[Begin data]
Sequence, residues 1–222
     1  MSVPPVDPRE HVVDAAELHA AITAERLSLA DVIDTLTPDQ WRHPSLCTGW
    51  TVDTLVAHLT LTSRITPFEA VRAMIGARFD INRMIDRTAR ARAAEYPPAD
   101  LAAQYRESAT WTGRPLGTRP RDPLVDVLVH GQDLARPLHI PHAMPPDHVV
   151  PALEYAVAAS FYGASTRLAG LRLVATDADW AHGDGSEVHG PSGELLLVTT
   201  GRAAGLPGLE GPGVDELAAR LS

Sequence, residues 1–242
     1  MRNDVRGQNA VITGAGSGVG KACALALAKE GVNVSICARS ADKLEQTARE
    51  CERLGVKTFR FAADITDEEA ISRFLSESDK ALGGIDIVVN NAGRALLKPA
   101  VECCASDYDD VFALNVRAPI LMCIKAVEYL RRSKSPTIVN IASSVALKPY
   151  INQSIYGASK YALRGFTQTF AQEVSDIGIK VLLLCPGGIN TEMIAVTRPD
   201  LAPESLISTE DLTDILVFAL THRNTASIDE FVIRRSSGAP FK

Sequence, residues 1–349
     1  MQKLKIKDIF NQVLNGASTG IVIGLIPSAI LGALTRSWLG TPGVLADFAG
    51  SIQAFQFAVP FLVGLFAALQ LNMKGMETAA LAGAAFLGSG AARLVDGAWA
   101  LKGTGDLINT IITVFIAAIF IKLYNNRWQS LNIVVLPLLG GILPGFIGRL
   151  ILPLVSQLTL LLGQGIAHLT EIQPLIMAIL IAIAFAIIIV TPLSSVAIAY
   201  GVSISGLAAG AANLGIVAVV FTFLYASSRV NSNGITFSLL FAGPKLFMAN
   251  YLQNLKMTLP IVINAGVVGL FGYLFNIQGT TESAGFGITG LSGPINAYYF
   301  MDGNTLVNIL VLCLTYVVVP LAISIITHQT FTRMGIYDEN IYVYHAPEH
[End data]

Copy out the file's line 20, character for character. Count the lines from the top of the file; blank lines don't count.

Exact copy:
   301  MDGNTLVNIL VLCLTYVVVP LAISIITHQT FTRMGIYDEN IYVYHAPEH